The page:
Slashdot is powered by your submissions, so send in your scoop


Forgot your password?
The Military

FAA: Big Tech Challenges For Massive Washington, DC Warbirds Flyover 54

Posted by samzenpus
from the blast-from-the-past dept.
coondoggie writes: It will be one of the largest gatherings of flying WWII aircraft in history as 56 famous vintage warbirds will fly through restricted airspace over the National Mall Friday in remembrance of the 70th anniversary of VE-Day or Victory in Europe Day. The huge flyover, dubbed "The Arsenal of Democracy," of so many different types of aircraft – from seaplanes to fighters and the only flying B-29 Superfortress – was no easy undertaking. The first plane should be visible along the National Mall around 12:10 p.m. With roughly 90 seconds between formations, the Flyover will end by 1 p.m. Reagan National Airport will be closed to commercial traffic from 12 noon to 1 p.m. to accommodate the flights. The Flyover will be streamed live here.

New Solar Telescope Unveils the Complex Dynamics of Sunspots' Dark Cores 17

Posted by samzenpus
from the a-picture-is-worth-a-thousand-words dept.
An anonymous reader writes: The high-resolution images, taken by the New Solar Telescope (NST), show the atmosphere above the umbrae (the dark patches in the center of sunspots) to be finely structured, consisting of hot plasma intermixed with cool plasma jets as wide as 100 kilometers. These ground breaking images are being captured by scientists at NJIT's Big Bear Solar Observatory (BBSO). Sunspots are formed when strong magnetic fields rise up from the convection zone, a region beneath the photosphere that transfers energy from the interior of the Sun to its surface. At the surface, the magnetic fields concentrate into bundles, which prevent the hot rising plasma from reaching the surface. This energy deficit causes the magnetic bundles to cool down to temperatures about 1,000 degrees lower than their surroundings. The NST takes snapshots of the Sun every 10 seconds, which are then strung together as a video to reveal fast-evolving small explosions, plasma flows and the movement of magnetic fields.

Years After Shutting Down, Tevatron Reveals Properties of Higgs Boson 73

Posted by Soulskill
from the only-collides-particles-if-you-throw-a-rock-at-it dept.
sciencehabit writes: A U.S. atom smasher has made an important scientific contribution 3.5 years after it shut down. Scientists are reporting that the Tevatron collider in Batavia, Illinois, has provided new details about the nature of the famed Higgs boson — the particle that's key to physicists' explanation of how other fundamental particles get their mass and the piece in a theory called the standard model. The new result bolsters the case that the Higgs, which was discovered at a different atom smasher, exactly fits the standard model predictions.

Comment: Re:It works both ways (Score 1) 886

Geneva Convention?, if I remember correctly after all it started in Lake Geneva, in the late 60s. All type of Gaming, or it was the last time I went about 3 years ago but is considered wargames convention more that a Role Playing convention and was founded by Gary Gygax who co-created D&D. It was about 56,000 attendance last year.

How Police Fight To Keep Use of Stingrays Secret 140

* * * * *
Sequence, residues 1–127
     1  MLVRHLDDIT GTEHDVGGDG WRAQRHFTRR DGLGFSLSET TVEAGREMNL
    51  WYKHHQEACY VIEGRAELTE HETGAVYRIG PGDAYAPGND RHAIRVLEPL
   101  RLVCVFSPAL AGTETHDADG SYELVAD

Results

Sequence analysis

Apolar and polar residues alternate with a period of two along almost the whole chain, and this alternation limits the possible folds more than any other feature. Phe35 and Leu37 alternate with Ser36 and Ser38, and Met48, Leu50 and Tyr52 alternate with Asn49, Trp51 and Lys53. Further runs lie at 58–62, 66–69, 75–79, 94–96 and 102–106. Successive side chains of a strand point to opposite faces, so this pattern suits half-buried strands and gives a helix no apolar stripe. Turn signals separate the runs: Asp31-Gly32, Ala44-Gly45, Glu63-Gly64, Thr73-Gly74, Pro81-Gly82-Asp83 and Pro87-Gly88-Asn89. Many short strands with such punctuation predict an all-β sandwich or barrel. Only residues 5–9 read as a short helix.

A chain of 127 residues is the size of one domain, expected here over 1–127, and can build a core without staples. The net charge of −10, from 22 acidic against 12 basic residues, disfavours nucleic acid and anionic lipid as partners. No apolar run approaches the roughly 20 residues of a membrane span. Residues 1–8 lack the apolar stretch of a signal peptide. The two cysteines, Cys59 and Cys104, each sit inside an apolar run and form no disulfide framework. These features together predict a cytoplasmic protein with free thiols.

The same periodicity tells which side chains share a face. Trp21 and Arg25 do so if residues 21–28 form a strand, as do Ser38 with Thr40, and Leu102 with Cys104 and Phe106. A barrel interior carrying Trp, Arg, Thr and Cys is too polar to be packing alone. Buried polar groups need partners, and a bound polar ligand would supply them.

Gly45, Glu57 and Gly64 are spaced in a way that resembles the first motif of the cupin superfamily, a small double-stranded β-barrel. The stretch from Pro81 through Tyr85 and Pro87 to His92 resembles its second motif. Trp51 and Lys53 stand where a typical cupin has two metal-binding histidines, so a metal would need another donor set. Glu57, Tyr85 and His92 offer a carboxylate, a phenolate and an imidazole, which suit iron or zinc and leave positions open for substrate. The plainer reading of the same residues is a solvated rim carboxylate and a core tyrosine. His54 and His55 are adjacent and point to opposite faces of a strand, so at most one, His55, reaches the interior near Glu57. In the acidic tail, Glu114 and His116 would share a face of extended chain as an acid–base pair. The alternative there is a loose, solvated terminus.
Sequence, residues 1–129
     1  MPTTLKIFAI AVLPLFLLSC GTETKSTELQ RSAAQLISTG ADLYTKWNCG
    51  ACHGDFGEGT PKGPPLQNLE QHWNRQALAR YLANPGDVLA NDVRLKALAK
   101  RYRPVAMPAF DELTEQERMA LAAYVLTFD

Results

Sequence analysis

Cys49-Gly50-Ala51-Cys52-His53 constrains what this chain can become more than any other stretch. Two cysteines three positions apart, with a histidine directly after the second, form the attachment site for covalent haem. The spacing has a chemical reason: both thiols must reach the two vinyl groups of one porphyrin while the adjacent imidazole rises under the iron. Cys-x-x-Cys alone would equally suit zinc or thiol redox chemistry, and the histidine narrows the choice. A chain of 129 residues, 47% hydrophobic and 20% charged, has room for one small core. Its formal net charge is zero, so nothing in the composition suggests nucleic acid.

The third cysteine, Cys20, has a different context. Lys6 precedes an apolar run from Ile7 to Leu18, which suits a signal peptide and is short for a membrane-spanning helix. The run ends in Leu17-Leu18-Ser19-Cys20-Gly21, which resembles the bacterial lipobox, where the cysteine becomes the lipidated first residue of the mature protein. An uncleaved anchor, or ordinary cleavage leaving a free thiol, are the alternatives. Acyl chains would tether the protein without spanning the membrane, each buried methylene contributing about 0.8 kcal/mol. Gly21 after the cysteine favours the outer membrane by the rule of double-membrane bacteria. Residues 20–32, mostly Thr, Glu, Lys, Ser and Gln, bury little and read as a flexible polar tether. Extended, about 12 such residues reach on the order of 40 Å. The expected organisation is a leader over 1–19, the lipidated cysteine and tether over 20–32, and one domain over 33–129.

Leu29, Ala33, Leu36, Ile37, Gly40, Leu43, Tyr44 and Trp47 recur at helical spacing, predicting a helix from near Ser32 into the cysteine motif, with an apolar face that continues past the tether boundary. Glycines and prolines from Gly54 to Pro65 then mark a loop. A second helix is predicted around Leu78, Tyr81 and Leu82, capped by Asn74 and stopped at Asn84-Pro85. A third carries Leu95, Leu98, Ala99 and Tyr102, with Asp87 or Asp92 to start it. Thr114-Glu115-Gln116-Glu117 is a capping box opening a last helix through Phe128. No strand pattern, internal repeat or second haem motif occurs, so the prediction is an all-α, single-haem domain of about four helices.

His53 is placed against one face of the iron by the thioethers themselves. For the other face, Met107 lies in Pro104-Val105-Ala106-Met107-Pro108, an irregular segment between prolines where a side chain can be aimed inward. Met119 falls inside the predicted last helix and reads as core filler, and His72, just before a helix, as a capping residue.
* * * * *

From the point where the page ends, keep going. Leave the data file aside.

Posted by Soulskill
from the you-can-trust-us dept.
v3rgEz writes: The NY Times looks at how local police are fighting to keep their use of cell phone surveillance secret, including signing NDAs with Stingray manufacturer Harris Corp and claiming the documents have been lost. It's part of a broader trend of local agencies adopting the tactics of covert intelligence groups as they seek to adopt new technology in the digital era. "The nondisclosure agreements for the cell site simulators are overseen by the Federal Bureau of Investigation and typically involve the Harris Corporation, a multibillion-dollar defense contractor and a maker of the technology. What has opponents particularly concerned about StingRay is that the technology, unlike other phone surveillance methods, can also scan all the cellphones in the area where it is being used, not just the target phone. ... For instance, in Tucson, a journalist asking the Police Department about its StingRay use was given a copy of a nondisclosure agreement. 'The City of Tucson shall not discuss, publish, release or disclose any information pertaining to the product,' it read, and then noted: 'Without the prior written consent of Harris.'"

Comment: Re:Recipe for Success (Score 1) 107

by QuantumLeaper (#48325995) Attached to: Landfill Copies of Atari's 'E.T.' End Up On eBay
Some of the ET ones are going for $600+ range, if you call the cheap, thats up to you. Games back then cost $30 to $50 (rare but not unheard of) back in 1983, I used to buy them NEW in the store, and I still have a couple with the Prices still on them. BTW I have been playing and buying videos games since the 70s.

Comment: Re:Antecdotes != Evidence (Score 1) 577

by QuantumLeaper (#48043681) Attached to: Will Windows 10 Finally Address OS Decay?
How old of an OS are you running? Since my friend who LOVES Macs, hated it when he upgraded the OS, the last time, it went from usable to a snail. He still used the Mac but downgraded the OS to the old version, he now uses a Win8.1 PC to play his games on, it runs a lot faster. And it only a few months newer than the Mac. I believe it the same CPU and similar video card. I had to fix his PC a few months back, his video card died, that's the only reason I know they both have the same CPU, and similar video cards, I told he should upgrade the video card, but he was a cheap skate.

It seems intuitively obvious to me, which means that it might be wrong. -- Chris Torek